• Many people falsely believe that accidents happen to others, but never to them. They know accidents can happen, and they know that anyone can be affected. However, they never really feel or believe that they will be personally involved. Pilots who think this way are more likely to take chances and increase risk.

Macho: “I can do it”

  • Pilots who are always trying to prove that they are better than anyone else think, “I can do it—I'll show them.” Pilots with this type of attitude will try to prove themselves by taking risks in order to impress others. While this pattern is often thought to be a male characteristic, women are equally susceptible.

Resignation: “What’s the use?”

  • Pilots who think, “What’s the use?” do not see themselves as being able to make a great deal of difference in what happens. When things go well, the pilot is apt to think that it is good luck. When things go badly, the pilot may feel that someone is out to get them or attribute it to bad luck. The pilot will leave the action to others, for better or worse. Sometimes, such pilots will even go along with unreasonable requests just to be a "nice guy."

One giant lesson I learned from my lousy magneto experience was to lean on a pilot friend I trusted to give me another pilot’s perspective in such situations. You can do the same thing. Just phone a pilot friend and run the issue past them. Just don’t be afraid or too “macho” to get a second opinion if you are unsure.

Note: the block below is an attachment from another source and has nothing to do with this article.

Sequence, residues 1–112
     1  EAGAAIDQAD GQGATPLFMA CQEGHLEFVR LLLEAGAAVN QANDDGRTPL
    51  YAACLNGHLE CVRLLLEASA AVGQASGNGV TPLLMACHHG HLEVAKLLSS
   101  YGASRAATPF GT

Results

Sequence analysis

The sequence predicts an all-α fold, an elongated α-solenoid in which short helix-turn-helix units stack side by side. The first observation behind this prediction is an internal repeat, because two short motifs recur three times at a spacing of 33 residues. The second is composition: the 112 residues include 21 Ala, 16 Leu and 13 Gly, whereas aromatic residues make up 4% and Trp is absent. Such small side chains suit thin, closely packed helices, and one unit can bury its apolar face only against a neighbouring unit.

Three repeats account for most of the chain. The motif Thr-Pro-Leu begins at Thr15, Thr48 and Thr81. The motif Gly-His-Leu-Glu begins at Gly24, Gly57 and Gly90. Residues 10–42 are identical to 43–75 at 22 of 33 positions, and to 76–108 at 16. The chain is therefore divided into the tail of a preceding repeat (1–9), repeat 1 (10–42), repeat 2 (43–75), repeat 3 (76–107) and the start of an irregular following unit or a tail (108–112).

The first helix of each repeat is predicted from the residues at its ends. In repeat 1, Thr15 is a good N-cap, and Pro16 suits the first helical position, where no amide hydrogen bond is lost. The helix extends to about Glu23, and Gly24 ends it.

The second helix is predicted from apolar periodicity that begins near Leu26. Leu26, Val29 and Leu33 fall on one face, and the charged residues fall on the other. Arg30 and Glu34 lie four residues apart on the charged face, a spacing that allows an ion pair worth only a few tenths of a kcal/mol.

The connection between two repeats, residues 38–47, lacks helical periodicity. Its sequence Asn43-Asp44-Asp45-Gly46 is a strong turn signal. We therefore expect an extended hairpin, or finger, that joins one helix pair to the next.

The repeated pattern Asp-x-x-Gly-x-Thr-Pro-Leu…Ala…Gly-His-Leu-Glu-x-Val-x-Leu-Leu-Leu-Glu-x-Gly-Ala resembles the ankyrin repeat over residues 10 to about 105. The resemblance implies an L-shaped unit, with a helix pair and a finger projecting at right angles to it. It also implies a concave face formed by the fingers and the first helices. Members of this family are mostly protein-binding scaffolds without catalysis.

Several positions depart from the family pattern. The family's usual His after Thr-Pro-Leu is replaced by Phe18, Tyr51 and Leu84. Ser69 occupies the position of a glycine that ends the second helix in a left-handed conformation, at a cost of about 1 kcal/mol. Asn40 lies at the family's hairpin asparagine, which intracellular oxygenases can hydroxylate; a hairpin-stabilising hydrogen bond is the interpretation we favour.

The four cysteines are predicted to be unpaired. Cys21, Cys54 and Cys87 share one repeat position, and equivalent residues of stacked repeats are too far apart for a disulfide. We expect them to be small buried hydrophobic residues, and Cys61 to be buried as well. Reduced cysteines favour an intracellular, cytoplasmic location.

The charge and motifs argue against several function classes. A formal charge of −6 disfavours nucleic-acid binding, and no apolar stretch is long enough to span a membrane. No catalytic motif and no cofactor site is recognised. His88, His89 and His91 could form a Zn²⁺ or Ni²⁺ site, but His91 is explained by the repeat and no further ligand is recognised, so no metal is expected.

Now, when I get that feeling something is not quite right, I'll start calling pilot friends to talk it through. Just talking through the problem with another pilot helps to check your decisions and your thought process, and the very process of talking a problem through will usually make the correct decision obvious.

A pilot in command flying under Part 91 is always the ultimate decision maker, but we can still draw on our fellow aviators (and air traffic controllers, for that matter) for help and advice. Remote pilots flying under Part 107 also can benefit from another aviator’s perspective, particularly when it comes to decisions about whether or not to launch into marginal weather, or with another kind of issue that creates a nagging feeling that something is not quite right. We should never be afraid to say “no,” keep the aircraft on the ground, and let others worry about disappointment.

Steve Rhode

Steve Rhode

Steve Rhode has been flying manned aircraft since 1988, and is an instrument rated private pilot as well as a certificated remote pilot. Steve serves as chief pilot with the Wake Forest Fire Department in Wake Forest, North Carolina, and as an unmanned aircraft instructor.
Topics: Aeronautical Decision Making, Unmanned Aircraft